In the past there was a method proposed and a discussion about inverse kinematics on the stretch. In short this method works by simplifying the base of the robot to a prismatic joint in the forward/backward direction of the base. This allows for the traditional iterative inverse kinematics to get a configuration from an end effector pose goal. For more details on why that simplification is necessary and how the method workd you can refer to the previous link to read the post and the comments.

There is a different way to get around this problem however and that is via optimization. The goal is to get a whole body configuration from an end effector position. We donâ€™t worry about the trajectory or how to get there via control. Furthermore, the base configuration is modified to represent the planar degrees of freedom x, y and theta instead of the wheel positions. This lends itself to more naturally express goals for the base.

The optimization method used is based on the main example from the OpTaS library which as the authors put it is an â€śOPtimization-based TAsk Specification library for trajectory optimization and model predictive controlâ€ť.

As you can see in the problem description, the cost is quadratic and there are nonlinear constraints. What is important about the robot kinematic constraints it that they are twice continuously differentiable, which is important for the solver that is chosen, namely IPOPT.

### Stretch urdf modification

For use with the Stretch, we add three virtual joints to the urdf in order to represent the 3 degrees of freedom for planar motion. These are represented by two prismatic and one revolute joints.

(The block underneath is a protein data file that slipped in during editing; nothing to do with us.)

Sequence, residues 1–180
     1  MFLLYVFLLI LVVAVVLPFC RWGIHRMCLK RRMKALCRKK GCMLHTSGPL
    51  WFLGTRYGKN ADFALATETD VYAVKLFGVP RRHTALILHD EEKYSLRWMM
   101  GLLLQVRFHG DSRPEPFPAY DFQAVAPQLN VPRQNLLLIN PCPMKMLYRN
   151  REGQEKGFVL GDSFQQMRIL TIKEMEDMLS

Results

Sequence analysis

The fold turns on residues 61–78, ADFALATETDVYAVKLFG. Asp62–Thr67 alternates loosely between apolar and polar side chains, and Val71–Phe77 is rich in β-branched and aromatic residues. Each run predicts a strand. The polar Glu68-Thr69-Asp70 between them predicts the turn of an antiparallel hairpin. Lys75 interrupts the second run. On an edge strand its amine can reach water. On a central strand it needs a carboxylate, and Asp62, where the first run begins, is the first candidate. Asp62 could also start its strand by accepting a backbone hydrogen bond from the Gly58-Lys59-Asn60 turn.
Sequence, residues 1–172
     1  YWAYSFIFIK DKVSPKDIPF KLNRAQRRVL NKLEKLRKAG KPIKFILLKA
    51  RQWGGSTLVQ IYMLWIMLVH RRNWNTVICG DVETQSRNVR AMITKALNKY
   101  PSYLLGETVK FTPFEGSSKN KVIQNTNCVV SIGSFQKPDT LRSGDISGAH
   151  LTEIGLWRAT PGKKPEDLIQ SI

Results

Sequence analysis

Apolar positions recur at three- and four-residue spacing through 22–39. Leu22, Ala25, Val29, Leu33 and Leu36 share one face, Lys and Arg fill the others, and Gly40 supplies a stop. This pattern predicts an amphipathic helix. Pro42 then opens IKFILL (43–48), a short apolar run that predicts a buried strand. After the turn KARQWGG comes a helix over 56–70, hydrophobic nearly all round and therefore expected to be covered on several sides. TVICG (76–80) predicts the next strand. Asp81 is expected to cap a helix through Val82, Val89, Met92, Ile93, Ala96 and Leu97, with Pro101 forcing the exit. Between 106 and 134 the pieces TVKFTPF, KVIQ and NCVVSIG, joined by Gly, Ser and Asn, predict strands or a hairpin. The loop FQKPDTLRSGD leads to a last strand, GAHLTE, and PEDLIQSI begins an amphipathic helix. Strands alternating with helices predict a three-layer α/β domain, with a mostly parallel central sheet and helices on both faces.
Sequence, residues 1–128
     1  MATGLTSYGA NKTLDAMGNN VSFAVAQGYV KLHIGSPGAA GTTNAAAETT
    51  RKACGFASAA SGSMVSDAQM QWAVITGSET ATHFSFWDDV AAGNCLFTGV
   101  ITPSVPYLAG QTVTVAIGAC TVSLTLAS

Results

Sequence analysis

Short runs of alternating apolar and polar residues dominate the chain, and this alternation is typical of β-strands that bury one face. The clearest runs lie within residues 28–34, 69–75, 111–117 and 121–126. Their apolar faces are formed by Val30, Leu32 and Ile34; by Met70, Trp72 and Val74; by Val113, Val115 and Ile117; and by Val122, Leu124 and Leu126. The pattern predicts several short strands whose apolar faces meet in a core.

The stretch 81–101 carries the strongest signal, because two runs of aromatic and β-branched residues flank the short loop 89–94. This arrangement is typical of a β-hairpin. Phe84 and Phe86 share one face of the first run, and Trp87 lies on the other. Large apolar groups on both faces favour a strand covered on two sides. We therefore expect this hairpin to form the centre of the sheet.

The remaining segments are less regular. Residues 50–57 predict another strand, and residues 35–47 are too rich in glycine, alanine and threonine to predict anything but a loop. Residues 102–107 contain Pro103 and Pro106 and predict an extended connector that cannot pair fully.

### Additional cost terms

We penalize the absolute displacement in the y - direction, i.e. laterally wrt to the stretch base wheels forward direction. This does not prevent the movement in the lateral direction but nudges the solver to use the rotation of the base to gain displacement in the y direction.

Furthermore we penalize the displacement of the arm extension from a certain nominal extension. This is because the solver will usually prefer to use the arm extension for every solution and this results in every solution having a fully extended arm. This is not desirable because it puts the robot at the edge of its workspace.

### How to run

#### Download zip file with custom urdf and mesh files for visualization

#### Install dependency

`pip install pyoptas`

in order to use the built in visualizer (which is used in the example script in the test_full_body_ik.zip file) you need **python 3.8**, otherwise you will need to make a visualization of the robot configuration yourself. You can make a virtual environment with python 3.8 if you have a different default version.

### To run

- Change the location of the urdf in line 6 of test_optas.py
- Run the test_optas.py script

### Notes

The example script only includes goal positions, however this can be extended to goal poses if needed. See OpTaS documentation for more details.

The cost functions are not final but give an example of how the solver can be nudged in the right direction to capture a certain behavior.